The other, more likely possibility is that Scapeshift is not that great against the other top decks. Junk seems like a tough matchup on paper depending on the numbers of Thoughtseizes the WBG player is running and how aggressive the build is, and Burn seems miserable because its clock is almost always faster than Scapeshift's "get to seven lands" plan. So maybe the day two meta was just worse for the deck than the day one meta where it got to play against decks like "Storm Zoo" (whatever that is). 

UWR Control

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Deck #Day1 #Day2 #6-4 % 6-4 #T8 #T32 #T64 T64%
UWR Control 11 5 0 0 0 0 0 0

Personally, the demise of UWR Control was the biggest disappointment of Pro Tour Fate Reforged. This is my favorite Modern deck to play, and I was really hoping that this past weekend would hearken its return to prominence in Modern. Instead, the exact opposite happened and the deck laid a goose egg. No 6-4 lists, no Top Anything lists, nothing. I mentioned during the coverage that you know things are bad for control when Andrew Cuneo (who basically invented control) plays a deck like Infect.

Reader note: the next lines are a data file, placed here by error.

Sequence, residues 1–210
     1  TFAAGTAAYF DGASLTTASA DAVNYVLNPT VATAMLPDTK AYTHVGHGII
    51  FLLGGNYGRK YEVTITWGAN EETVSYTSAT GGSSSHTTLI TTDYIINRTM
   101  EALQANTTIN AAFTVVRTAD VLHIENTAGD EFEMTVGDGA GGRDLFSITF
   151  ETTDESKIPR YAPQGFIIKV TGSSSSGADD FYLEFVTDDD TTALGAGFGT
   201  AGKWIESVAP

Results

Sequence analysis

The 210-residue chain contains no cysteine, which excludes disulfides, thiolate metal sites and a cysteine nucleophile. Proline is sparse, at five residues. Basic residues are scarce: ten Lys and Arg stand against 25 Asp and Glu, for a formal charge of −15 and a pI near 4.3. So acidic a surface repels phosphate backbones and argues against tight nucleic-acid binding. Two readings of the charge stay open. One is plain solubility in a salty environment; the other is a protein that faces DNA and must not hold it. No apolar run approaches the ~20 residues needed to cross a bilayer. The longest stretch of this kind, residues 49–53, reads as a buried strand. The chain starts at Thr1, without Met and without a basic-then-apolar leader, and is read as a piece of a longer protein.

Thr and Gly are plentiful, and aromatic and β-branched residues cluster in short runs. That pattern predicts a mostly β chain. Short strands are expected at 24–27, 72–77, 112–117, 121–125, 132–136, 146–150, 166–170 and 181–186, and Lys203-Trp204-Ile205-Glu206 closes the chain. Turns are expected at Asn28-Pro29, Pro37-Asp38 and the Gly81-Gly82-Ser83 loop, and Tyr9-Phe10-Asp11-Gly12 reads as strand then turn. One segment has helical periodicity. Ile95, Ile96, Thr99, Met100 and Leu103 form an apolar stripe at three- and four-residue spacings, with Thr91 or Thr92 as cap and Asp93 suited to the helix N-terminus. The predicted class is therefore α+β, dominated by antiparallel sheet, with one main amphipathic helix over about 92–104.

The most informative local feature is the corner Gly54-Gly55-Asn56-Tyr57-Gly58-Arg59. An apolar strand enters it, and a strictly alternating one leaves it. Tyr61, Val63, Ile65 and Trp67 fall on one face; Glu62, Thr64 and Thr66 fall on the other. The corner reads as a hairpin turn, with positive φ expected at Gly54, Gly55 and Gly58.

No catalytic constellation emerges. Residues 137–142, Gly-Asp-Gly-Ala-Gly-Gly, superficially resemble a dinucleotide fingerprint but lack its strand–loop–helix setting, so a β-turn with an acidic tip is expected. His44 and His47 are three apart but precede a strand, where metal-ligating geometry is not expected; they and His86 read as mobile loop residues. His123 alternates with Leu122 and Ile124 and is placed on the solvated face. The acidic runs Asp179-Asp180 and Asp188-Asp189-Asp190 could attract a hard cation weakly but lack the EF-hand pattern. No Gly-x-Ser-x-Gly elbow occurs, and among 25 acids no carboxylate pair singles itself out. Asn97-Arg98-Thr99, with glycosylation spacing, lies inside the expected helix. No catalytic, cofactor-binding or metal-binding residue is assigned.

I'm not convinced that UWR Control is dead in Modern — it gets to play some very powerful cards — but this weekend would suggest otherwise. I've been jamming the deck online and not winning nearly as much as I would like. Infect seems like a tough matchup, and even Junk isn't much better than a coin flip. The only positive is that Tron could be on a downswing because that's a matchup you never, ever want to run into (see: Miracles vs Cloudpost in Legacy). In the long run, I still think Geist of Saint Traft and Snapcaster Mage are home runs, but this is definitely despite the Pro Tour performance of UWR Control, rather than because of it.


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Deck #Day1 #Day2 #6-4 % 6-4 #T8 #T32 #T64 T64%
Jund 10 7 2 20 0 0 2 20

The numbers on Jund are sort of meh, and I was even being generous in my counting because one of the lists in the sample was actually more like Junk (it had Siege Rhino) splashing red. The problem with Jund isn't so much that the deck is bad; instead, it's more that Junk is better, thanks in large part to Siege Rhino. I think it was Marshall on the coverage that mentioned that Siege Rhino is basically the new Bloodbraid Elf — a four drop that gives you an additional card — the only difference is, instead of a random card, you are always getting an Essence Drain